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Jeff Friedman

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Jeff Friedman

At dinner, I knocked the bottle of wine off the table, which smashed into a thousand pieces on the wood floor. The tablecloth was stained red. Dad looked down at his clean white shirt, now spotted. “You klutz, you schlemiel—You’re a menace to the family.”

He bellowed like a wounded bull, a drunken moose, a senator who just lost his mistress to CNN. He billowed like a rotten fireplace, like his brother Izzy foaming over the brisket, like a schoolhouse on fire.

Mom tried to interrupt, but he waved her off. Sitting next to me, Alsace let out a sarcastic laugh. “How do you expect me to go to school when everybody knows he’s my brother?” She tossed that question out for my parents to ponder, but my dad hadn’t finished yet.

“You’re worse than a tornado, worse than a plague of frogs, worse than the flood of ’72—”

“According to the Post, I cut in, “that flood wasn’t even in the top 10.”

But that comment only made him angrier. “You’re worse than the seven-year locusts, worse than crabs, worse than a tribe of hemorrhoids, worse than even Manny Wallerstein’s kid, who belches and farts in the same breath.”

“But I’m your son, the seed of your loins, the pearl in your pod, the star that dove from your waters.”

“I wanted a George Junior, not you. You’re the gall in my stones, the spider in my veins, the burning in my pee.”

Mom walked over to him. “George, you’ll make yourself sick.”

“I’m already sick, nauseated in fact. Can we send him to some kind of camp? Or an animal shelter? or how about to live with your sister in California?” Mom put her hand on his shoulder as if to stop his blood pressure from rising. “Maybe the circus would take him.”

Mom was tall and thin with red hair, and dad was short and stout with thick black hair, but over the years they had begun to resemble each other.

“I object. I’m the flag bearer of your name, the carrier of your DNA, the host of your stinking genes, the bearer of your bad news, the lucky survivor of your misguided bombing. Lose me and you lose you.”

Then dad looked at the glittering slivers on the wood, “Clean up your mess for a change.”

An obedient son, I leaped to my feet, knocking my sister out of her chair with my elbow. The chandelier above the table shook and shook. She lay unconscious in a puddle of red wine. Mom kneeled down, putting a cushion under Alsace’s head. She was only out a few minutes so I didn’t know why mom seemed so concerned. Alsace opened her eyes slowly, blinking a few times before her vision cleared. Then she started screaming in Yiddish, German, Polish, Russian and English. I only knew English, but she was born pentalingual.

Dad raised his wineglass to the heavens and prayed that the curse would be lifted from his household. As he stepped back, he tripped over the chair. The chandelier swayed more violently, snapping from the ceiling and banging down on the table. Then I started laughing and couldn’t stop even as the walls cracked and crumbled around us.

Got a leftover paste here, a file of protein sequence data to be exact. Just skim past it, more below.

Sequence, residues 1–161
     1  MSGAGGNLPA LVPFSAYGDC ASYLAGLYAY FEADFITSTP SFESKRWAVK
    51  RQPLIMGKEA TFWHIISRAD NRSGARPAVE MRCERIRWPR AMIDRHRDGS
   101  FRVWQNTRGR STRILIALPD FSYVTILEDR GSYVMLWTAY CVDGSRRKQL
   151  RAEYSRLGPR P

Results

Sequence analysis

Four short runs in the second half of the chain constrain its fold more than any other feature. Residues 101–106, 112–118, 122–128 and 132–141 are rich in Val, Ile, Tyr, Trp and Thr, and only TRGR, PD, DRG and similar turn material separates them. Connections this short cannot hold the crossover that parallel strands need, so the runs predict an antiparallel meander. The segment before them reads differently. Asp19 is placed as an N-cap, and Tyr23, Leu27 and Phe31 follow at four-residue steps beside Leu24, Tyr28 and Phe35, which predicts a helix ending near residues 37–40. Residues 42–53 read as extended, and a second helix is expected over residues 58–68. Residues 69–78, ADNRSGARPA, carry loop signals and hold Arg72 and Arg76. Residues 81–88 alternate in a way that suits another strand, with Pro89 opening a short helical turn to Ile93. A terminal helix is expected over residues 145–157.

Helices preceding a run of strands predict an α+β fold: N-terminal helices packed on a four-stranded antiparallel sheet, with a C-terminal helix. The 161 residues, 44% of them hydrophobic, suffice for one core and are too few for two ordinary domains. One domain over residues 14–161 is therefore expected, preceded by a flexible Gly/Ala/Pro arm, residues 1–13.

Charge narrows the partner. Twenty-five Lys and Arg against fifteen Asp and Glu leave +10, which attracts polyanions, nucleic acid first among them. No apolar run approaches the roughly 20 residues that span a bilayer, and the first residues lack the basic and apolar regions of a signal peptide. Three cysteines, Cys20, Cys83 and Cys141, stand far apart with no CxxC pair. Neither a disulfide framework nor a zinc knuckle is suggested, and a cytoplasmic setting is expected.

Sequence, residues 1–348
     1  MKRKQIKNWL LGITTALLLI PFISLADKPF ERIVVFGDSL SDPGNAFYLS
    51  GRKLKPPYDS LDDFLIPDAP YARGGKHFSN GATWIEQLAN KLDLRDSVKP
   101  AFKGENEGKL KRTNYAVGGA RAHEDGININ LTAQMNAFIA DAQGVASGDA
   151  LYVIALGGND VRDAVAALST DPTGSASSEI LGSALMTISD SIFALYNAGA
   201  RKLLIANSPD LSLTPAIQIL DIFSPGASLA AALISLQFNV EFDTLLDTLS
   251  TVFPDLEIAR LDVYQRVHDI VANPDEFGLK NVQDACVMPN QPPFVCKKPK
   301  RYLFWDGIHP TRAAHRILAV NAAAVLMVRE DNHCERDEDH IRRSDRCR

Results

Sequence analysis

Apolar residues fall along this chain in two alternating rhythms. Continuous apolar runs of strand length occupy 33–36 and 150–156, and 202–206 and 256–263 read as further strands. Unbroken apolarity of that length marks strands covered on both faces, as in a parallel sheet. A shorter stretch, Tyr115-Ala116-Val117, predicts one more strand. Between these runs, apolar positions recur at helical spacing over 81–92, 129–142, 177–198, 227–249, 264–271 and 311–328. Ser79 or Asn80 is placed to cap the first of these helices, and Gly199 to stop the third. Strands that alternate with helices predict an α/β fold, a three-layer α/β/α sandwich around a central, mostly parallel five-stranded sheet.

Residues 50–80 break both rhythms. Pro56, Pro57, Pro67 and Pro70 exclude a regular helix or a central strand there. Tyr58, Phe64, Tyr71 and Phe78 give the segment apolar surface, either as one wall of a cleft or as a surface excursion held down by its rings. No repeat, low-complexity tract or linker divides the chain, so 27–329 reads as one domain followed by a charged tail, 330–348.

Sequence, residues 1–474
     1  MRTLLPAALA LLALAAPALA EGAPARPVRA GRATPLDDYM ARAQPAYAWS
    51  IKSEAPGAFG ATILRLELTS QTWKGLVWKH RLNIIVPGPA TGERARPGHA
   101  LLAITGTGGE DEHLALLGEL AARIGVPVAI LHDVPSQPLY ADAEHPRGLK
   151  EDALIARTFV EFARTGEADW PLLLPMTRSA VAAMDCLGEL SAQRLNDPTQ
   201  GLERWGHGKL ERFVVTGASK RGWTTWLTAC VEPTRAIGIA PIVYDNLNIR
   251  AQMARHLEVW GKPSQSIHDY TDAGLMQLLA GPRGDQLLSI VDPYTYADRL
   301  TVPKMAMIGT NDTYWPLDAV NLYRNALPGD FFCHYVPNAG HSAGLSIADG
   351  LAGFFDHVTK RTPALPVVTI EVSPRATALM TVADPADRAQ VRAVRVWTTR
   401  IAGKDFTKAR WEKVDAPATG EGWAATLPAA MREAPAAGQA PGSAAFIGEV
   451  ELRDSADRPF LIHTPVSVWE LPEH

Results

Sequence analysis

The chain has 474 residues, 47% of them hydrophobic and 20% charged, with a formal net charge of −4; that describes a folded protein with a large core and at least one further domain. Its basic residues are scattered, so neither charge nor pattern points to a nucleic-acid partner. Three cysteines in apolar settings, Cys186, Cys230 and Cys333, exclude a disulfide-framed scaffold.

A Night with Bonita

After Taylor Corliss slept with Bonita Hernandez, his pleasure was so great he fell into a coma. I knew thousands of men and women who wanted to sleep with Bonita, myself included. What did Taylor have? I wondered. What magic? He lay in a hospital bed at St. Mary’s for months until Bonita raised him with a simple kiss. The doctors said it was a miracle. His wife Alexis agreed, but added, “It’s too bad he didn’t stay in a coma. Now what do I do with him?”

After Nana Befresco slept with Bonita, she suddenly developed a skill at carving wooden dolls. She rented the storefront next to Joe’s Tires and set up a studio. In one summer she created a thousand representations of Bonita, Bonita as a model, Bonita naked in the sun, Bonita eating an ice cream cone, Bonita playing with her touch phone, Bonita ducking out of the rain, Bonita as a little girl drawing stick figures, Bonita as a stick figure, Bonita sucking her thumb, Bonita in the throes of orgasm, Bonita shaving her legs, Bonita pretending to be a duck. Soon her reputation as a dollmaker spread, and everyone was commissioning Bonita dolls. I bought a few myself.

After Ferdinand the Great slept with Bonita, he became a recluse in his mini palace. No one saw him for months and then he left for California. “He’s been taking female hormones ever since,” my friend Jerry Stolen stated. “He wants an operation,” but first he’s got to save the money, and he’s still paying child support.” Once I heard Bonita had opened her beautiful thighs for Ferdinand, I thought for sure I had a chance.